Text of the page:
STP833

    Microstructural Aspects of the Fracture Toughness Cleavage-Fibrous Transition for Reactor-Grade Steel

    Published: Jan 1984


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    Abstract

    Particularly in the transition temperature range, reliable use of toughness data, from small specimens of structural steel can be helped by improved understanding of the initiation of cleavage. For this purpose, fracture details in local regions were studied. Methods of examination were scanning electron microscopic (SEM) fractography, microstructural analysis, hardness tests, and topographic examination of fracture surfaces.

    The results indicate that examination of fracture surface morphology through SEM fractography is essential for improved understanding of cleavage fracturing in the transition range. Fracture surface details reflect influences of both ferrite and prior-austenite grain size. In addition, for some specimens, fracture morphology is also influenced by a large size inhomogeneity due to dendritic solidification. In heavy section A533B steel, explanations for large scatter of small specimen KIc estimates may be closely related to dendritic inhomogeneity.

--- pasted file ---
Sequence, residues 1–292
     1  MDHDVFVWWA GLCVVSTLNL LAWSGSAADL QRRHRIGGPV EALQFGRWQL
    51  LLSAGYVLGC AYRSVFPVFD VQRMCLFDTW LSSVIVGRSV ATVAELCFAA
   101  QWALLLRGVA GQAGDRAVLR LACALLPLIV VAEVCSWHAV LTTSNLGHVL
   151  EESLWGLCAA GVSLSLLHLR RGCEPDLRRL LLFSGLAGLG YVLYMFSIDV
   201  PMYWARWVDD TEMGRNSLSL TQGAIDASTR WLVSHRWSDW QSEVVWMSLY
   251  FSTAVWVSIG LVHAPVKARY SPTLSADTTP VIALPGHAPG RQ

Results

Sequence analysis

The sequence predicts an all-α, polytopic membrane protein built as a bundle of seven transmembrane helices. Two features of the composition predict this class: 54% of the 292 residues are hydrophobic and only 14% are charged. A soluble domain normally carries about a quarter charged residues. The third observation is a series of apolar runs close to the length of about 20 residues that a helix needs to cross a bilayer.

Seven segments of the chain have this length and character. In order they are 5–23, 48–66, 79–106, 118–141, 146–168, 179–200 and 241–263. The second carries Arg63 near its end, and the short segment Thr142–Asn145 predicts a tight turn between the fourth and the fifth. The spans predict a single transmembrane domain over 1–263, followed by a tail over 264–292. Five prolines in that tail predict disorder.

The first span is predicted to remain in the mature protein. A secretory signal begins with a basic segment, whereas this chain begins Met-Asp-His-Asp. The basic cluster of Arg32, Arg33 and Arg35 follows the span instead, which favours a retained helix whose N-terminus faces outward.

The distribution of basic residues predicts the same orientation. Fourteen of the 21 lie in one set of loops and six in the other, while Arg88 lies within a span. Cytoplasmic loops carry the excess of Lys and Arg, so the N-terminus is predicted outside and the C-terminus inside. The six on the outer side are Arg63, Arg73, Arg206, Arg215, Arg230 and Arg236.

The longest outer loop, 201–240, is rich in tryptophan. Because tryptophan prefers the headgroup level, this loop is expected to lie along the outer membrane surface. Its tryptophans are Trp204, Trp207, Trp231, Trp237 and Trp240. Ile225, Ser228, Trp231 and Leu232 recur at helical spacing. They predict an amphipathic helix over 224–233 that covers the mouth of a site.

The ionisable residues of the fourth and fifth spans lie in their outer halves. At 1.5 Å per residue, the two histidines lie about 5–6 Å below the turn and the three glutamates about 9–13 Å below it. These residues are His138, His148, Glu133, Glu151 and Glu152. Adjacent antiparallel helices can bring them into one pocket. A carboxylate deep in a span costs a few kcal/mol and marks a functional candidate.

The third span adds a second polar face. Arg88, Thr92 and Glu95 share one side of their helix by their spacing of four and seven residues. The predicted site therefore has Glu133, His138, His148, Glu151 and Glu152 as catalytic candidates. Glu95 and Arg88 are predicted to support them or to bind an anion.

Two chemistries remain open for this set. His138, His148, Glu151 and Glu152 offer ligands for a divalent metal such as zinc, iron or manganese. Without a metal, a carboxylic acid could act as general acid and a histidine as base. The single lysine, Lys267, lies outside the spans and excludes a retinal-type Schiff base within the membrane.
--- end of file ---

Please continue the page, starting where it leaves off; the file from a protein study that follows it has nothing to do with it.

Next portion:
Keywords:

    cleavage fracture, fibrous fracture, fracture toughness, A533B steel, fractography, fracture surface topography, microstructure, ferrite grain structure, prior-austenite grain structure, dendritic structure, microhardness test


    Author Information:

    Ogawa, K
    University of MarylandStanford Research InstituteKyoto University, College ParkMenlo ParkKyoto, Md.Calif.

    Zhang, XJ
    University of MarylandStanford Research InstituteKyoto University, College ParkMenlo ParkKyoto, Md.Calif.

    Kobayashi, T
    University of MarylandStanford Research InstituteKyoto University, College ParkMenlo ParkKyoto, Md.Calif.

    Armstrong, RW
    University of MarylandStanford Research InstituteKyoto University, College ParkMenlo ParkKyoto, Md.Calif.

    Irwin, GR
    University of MarylandStanford Research InstituteKyoto University, College ParkMenlo ParkKyoto, Md.Calif.


    Paper ID: STP32566S

    Committee/Subcommittee: E08.07

    DOI: 10.1520/STP32566S


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